2013 and Papaconstantinou 2010. As Tannous argues (2014: 52), Maronites were probably the most signiﬁcant Christian confession in seventh-century Damascus. Wood forthcoming. The patriarchates were at this time aligned to the importance of the cities in the imperial administration and in public prestige. These four are given pride of place in the Peutinger map, for instance, Salway 2005. For the emergence of patriarchal status see Panagiotopoulos 2003. Blaudeau 2006: 509 stresses that Sozomen and Socrates inserted Constantinople into Eusebius’s geo-ecclesiology to reﬂect changing political circumstances and to emphasise the role of the emperor. Though Theodoret gives considerable space to Antioch, Socrates barely gives it greater attention than metropolitan sees such as Jerusalem (511). Cf. Leppin (Chapter 5, this volume). Meier 2003: 321–9 and 373–86. For the role of natural disasters in John more generally, Van Ginkel 1995: 187–90.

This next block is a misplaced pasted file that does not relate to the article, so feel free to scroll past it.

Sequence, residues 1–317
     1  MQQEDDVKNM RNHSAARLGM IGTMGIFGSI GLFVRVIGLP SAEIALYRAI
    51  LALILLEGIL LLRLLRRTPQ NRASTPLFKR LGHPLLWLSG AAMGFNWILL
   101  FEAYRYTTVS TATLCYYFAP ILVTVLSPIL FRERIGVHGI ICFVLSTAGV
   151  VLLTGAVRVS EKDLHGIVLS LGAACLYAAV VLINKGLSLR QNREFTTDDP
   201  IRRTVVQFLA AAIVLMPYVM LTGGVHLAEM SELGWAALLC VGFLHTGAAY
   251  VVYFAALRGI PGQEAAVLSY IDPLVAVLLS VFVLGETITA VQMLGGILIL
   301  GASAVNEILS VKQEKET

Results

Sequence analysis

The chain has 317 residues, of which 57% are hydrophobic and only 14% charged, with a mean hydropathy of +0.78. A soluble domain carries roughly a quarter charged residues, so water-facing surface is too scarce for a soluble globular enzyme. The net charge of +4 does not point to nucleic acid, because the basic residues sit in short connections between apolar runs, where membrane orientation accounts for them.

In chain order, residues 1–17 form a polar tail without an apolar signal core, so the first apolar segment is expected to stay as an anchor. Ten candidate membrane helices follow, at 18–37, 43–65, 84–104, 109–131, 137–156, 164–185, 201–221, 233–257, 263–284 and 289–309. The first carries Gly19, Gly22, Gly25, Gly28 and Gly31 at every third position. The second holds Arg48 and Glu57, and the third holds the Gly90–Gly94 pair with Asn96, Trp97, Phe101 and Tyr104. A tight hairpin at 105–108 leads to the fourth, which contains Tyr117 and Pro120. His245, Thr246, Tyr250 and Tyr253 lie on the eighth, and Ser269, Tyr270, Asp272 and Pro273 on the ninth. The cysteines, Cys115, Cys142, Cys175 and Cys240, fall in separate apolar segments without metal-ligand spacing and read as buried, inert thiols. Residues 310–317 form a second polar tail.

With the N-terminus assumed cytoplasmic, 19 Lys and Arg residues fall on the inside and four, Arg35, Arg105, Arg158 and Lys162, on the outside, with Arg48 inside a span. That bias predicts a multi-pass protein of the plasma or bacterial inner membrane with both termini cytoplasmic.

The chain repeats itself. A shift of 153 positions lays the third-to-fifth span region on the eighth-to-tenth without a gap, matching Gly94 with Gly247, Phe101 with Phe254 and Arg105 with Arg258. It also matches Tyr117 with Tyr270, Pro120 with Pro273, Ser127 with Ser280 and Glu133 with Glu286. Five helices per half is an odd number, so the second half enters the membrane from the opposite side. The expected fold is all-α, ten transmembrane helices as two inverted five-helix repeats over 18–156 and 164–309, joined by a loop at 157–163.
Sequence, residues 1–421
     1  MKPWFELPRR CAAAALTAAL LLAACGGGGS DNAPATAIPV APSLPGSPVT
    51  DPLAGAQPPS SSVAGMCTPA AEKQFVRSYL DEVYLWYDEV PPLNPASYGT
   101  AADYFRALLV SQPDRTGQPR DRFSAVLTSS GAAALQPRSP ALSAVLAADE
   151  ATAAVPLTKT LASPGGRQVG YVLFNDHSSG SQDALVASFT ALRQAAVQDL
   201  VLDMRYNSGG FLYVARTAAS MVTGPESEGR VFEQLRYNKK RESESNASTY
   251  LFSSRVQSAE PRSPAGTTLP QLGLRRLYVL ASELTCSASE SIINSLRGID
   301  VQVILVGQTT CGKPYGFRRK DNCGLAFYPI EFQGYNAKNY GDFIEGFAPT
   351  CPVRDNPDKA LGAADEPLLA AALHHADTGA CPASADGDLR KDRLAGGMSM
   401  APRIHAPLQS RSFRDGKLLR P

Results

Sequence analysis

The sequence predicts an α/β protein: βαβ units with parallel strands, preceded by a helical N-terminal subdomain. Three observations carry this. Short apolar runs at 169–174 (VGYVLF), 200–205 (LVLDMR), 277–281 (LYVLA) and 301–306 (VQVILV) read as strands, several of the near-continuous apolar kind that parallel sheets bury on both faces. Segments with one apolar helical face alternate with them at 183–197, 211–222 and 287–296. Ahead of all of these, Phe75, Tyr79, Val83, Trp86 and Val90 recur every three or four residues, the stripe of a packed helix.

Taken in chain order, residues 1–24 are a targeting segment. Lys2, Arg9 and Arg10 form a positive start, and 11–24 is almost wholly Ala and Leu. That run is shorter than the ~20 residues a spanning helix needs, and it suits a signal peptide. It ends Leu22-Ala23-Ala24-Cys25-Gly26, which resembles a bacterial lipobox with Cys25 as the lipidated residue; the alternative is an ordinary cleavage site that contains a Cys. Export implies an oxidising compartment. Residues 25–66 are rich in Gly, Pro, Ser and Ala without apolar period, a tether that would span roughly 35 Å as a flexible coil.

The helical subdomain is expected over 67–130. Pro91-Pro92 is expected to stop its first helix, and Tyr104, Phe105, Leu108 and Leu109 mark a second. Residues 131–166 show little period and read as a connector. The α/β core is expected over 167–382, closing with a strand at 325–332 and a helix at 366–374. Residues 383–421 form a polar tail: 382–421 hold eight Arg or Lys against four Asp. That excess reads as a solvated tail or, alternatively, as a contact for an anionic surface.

and their fate under the rule of Justin II. And when the unity of the Miaphysite movement begins to unravel, a signiﬁcant part of John’s explanation is the inability of the Alexandrians to maintain a single Miaphysite patriarch and the ordination of clergy without appropriate qualiﬁcations.26 The imagination of the Christian world as divided between the patriarchal sees is also a feature of the episcopal lists given for the sixth century in later West Syrian sources. Part III of the Chronicle of Zuqnin mainly consists of part II of John of Ephesus’s history, but it also carries brief chronological notes that divide up the narrative according to episcopal reign. As Leppin notes, these probably do not go back to John, but are additions by a later hand.27 Constantinople, Rome and Alexandria take pride of place in these lists, but they are normally joined by Jerusalem and Antioch, and occasionally by Ephesus and Edessa and by lists of famous theologians (such as Philoxenus of Mabbug) and lists of the monarchs of the time. The Chronicle of Zuqnin is unable to sustain these lists of different patriarchs beyond the reign of Justinian: for the period 600–730 he is reduced to one-line notes on the Jacobite patriarchs of Antioch. But very similar lists are preserved in Michael the Syrian. These begin with the reign of Heraclius at the start of Book 11. Because they are scattered throughout this long work, I gather them here for easy comparison: 11.1 (IV, 403/ II, 401): ‘The same year that Heraclius began his reign, the Chalcedonian patriarch of Antioch, named Anastasius, was killed and his see remained vacant for 38 years. For us, the orthodox, we had as a patriarch for the see of Antioch Athanasius [Gamala] who made the union in that era with the Egyptians, with Anastasius, Pope of Alexandria (as we have shown in detail at the end of Book 10). At Alexandria, the Chalcedonians had as their head Cyrus and at Constantinople, Sergius He sent Isaiah, a bishop from Persia, to Edessa’. 11.3 (IV, 408/ II, 411): ‘In this era Anastasius Pope of Alexandria died, and we ordained in his place for the orthodox, Anastasius. It was he who sent anew a letter to Athanasius, patriarch of Antioch, and conﬁrmed the union. The Chalcedonians had a patriarch named Cyrus at Antioch . . . who persecuted the faithful there’. 26